RFID readers typically cost $1,000 or more. RFID tags are also fairly expensive - 50 cents or more each. Another roadblock is the lack of standards. Despite the drawbacks, food companies should evaluate the technology and consider a pilot implementation within a segment of the supply chain where the technology would realize the most return. For example, Scottish Courage Brewing owns two million beer kegs. It has used RFID tags for four years, obtaining multiple paybacks in cost reduction and service improvement.
A key difference is the information that can be stored. Standard bar codes identify only the manufacturer and product, not the unique item. The bar code on a box of cereal is the same as every other, making it impossible to identify which one will pass its expiration date first. Bar codes are passive. Once the code is printed on the label, it cannot be changed. RFID can also be passive or active. An active RFID device can be updated with newer information, for example a random weight or revised shelf life date. Active RFID tags are larger, more expensive and have a shorter operational life than passive tags. They have a memory capacity of up to 1MB.
Some companies are combining RFID tags with sensors. The same tags used to track items moving through the supply chain may also alert staff to unacceptable temperature changes, rancid meat, or even injections of biological agents into food.
The credit card-sized TempSense label was launched in July 2002. A temperature sensor, microchip, battery and antenna are all integrated into the label. The RFID label tracks the storage temperature of goods as they travel through the supply chain. The labels can be attached or inserted into a shipment or pallet-load of perishable goods as it leaves the farm, wharf or packinghouse. The same technology can be used to track finished goods from the plant to the consumer shelf to alert downstream parties of potential problems.
RFID tags will become more common on both movable items (pallets, cases, trucks, etc.) and fixed items (racks, warehouse doors, mixers, etc.). With the placement of readers at appropriate locations, many applications become cost effective.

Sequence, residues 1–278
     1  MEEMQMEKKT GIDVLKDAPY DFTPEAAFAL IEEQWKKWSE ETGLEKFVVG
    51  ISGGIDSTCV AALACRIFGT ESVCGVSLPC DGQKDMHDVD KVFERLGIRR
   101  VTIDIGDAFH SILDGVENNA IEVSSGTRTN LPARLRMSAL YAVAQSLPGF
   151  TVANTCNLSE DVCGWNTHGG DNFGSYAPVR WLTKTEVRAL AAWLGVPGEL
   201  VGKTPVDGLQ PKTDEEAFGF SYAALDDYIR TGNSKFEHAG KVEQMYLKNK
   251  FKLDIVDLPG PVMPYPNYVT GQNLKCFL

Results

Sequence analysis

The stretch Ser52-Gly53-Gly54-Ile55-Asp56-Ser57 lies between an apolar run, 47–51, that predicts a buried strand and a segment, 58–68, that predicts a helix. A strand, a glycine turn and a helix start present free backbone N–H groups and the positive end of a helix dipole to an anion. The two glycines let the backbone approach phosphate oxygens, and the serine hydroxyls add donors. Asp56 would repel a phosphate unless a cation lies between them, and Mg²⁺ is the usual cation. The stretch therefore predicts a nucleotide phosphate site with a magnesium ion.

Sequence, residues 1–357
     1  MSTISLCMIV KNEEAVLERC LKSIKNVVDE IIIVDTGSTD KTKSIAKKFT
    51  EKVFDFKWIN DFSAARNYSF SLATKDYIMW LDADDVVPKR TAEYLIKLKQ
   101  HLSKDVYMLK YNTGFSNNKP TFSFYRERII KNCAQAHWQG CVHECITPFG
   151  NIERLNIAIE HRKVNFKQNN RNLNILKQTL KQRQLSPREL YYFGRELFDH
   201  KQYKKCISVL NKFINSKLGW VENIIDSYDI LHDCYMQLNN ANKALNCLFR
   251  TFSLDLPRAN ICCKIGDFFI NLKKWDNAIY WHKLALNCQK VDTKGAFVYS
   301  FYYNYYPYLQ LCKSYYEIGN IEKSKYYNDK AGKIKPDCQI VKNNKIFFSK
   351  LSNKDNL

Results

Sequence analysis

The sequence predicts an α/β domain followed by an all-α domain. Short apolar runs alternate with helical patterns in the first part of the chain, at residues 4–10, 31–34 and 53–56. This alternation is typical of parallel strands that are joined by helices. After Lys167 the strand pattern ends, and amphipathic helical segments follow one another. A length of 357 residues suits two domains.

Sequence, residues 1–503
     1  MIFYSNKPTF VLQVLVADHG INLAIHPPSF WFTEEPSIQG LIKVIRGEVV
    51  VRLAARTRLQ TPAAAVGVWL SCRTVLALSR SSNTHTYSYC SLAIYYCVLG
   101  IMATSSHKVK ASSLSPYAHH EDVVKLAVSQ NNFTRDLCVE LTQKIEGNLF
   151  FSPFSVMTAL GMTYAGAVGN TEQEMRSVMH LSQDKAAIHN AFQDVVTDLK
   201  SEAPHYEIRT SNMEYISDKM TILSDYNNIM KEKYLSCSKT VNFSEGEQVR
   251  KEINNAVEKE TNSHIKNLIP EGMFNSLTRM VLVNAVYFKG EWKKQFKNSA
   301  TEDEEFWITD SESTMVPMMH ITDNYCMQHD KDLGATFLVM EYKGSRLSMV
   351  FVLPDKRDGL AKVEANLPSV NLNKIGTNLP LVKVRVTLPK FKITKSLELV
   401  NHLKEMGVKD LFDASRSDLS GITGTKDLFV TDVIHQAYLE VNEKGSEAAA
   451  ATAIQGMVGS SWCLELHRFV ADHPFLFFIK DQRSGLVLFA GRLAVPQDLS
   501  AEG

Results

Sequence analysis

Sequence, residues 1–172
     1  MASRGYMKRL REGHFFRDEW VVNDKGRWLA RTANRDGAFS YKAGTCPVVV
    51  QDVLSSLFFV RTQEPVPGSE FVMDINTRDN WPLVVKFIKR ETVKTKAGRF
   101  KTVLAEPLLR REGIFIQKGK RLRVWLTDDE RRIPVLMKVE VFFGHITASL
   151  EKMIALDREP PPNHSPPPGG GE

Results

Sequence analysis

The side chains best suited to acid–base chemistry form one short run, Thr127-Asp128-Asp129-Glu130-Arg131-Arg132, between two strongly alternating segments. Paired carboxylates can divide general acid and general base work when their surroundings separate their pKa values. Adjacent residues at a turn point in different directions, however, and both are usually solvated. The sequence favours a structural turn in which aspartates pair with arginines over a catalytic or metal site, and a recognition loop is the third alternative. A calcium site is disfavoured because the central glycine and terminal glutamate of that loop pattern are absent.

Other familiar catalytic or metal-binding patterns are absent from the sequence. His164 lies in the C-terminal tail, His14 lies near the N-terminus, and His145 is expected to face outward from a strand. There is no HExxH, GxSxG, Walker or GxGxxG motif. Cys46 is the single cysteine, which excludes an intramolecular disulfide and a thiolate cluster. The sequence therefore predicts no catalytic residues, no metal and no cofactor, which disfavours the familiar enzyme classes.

Smart cases or pallets will know where they have to go. Readers on conveyer belts can sort and direct the units to the correct location (trailer, rack, etc.) A reader on a forklift truck can allow random slotting with the combination of RFID tags on both slots and pallets keeping the appropriate records without manual steps. Picking can be verified with readers checking that the right pallet was picked from the right location and taken to the right trailer. Since a reader can read all the case codes (RFID case codes) on a mixed pallet at once, the order can be checked automatically.
Each retail or food service unit can carry its own RFID with its unique information, for example, expiration date, random weight, lot number, etc.
Raw product or ingredient tagged with RFID tags in smart containers can carry HAACP and quality information. Batching operations can be self-checking and self-documenting with readers sensing item ID and lot information automatically.
Retailers are testing the Smart Shelf, where an RFID reader is incorporated into the shelf and stocked with tagged product. The Smart Shelf monitors its rate of depletion, provides an alert when stock runs low and automates reordering to minimize out-of-stocks. Gillette is testing smart shelves in an attempt to minimize theft. Because store personnel program the system with store sales data, the system detects behavior outside the norm and can alert store personnel by transmitting information to a personal digital assistant. By identifying the nature of the stock loss and mapping and addressing points of vulnerability, losses in some stores have been reduced by 70% to 80%.